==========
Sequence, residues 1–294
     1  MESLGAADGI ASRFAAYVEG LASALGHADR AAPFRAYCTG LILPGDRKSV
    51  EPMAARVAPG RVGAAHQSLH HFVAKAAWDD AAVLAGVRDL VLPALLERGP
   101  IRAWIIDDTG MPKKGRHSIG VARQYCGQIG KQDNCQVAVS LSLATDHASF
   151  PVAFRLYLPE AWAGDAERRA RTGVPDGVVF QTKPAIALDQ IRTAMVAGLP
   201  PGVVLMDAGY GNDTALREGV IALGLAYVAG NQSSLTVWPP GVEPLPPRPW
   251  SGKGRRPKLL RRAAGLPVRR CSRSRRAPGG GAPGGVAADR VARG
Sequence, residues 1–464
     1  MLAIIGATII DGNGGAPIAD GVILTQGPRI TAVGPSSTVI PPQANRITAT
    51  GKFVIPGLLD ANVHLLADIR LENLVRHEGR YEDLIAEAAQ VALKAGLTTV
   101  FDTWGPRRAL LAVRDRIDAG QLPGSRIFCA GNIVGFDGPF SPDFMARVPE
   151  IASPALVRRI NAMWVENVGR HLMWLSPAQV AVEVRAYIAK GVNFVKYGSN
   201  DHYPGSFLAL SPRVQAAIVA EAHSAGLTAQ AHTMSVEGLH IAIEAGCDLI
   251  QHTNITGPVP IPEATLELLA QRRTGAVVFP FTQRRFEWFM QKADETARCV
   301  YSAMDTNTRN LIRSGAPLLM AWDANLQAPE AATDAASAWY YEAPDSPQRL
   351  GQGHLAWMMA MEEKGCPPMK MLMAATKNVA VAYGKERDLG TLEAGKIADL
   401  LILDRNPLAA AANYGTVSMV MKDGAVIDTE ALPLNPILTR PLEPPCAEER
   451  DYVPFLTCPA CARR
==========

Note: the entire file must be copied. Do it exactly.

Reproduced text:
Sequence, residues 1–294
     1  MESLGAADGI ASRFAAYVEG LASALGHADR AAPFRAYCTG LILPGDRKSV
    51  EPMAARVAPG RVGAAHQSLH HFVAKAAWDD AAVLAGVRDL VLPALLERGP
   101  IRAWIIDDTG MPKKGRHSIG VARQYCGQIG KQDNCQVAVS LSLATDHASF
   151  PVAFRLYLPE AWAGDAERRA RTGVPDGVVF QTKPAIALDQ IRTAMVAGLP
   201  PGVVLMDAGY GNDTALREGV IALGLAYVAG NQSSLTVWPP GVEPLPPRPW
   251  SGKGRRPKLL RRAAGLPVRR CSRSRRAPGG GAPGGVAADR VARG
Sequence, residues 1–464
     1  MLAIIGATII DGNGGAPIAD GVILTQGPRI TAVGPSSTVI PPQANRITAT
    51  GKFVIPGLLD ANVHLLADIR LENLVRHEGR YEDLIAEAAQ VALKAGLTTV
   101  FDTWGPRRAL LAVRDRIDAG QLPGSRIFCA GNIVGFDGPF SPDFMARVPE
   151  IASPALVRRI NAMWVENVGR HLMWLSPAQV AVEVRAYIAK GVNFVKYGSN
   201  DHYPGSFLAL SPRVQAAIVA EAHSAGLTAQ AHTMSVEGLH IAIEAGCDLI
   251  QHTNITGPVP IPEATLELLA QRRTGAVVFP FTQRRFEWFM QKADETARCV
   301  YSAMDTNTRN LIRSGAPLLM AWDANLQAPE AATDAASAWY YEAPDSPQRL
   351  GQGHLAWMMA MEEKGCPPMK MLMAATKNVA VAYGKERDLG TLEAGKIADL
   401  LILDRNPLAA AANYGTVSMV MKDGAVIDTE ALPLNPILTR PLEPPCAEER
   451  DYVPFLTCPA CARR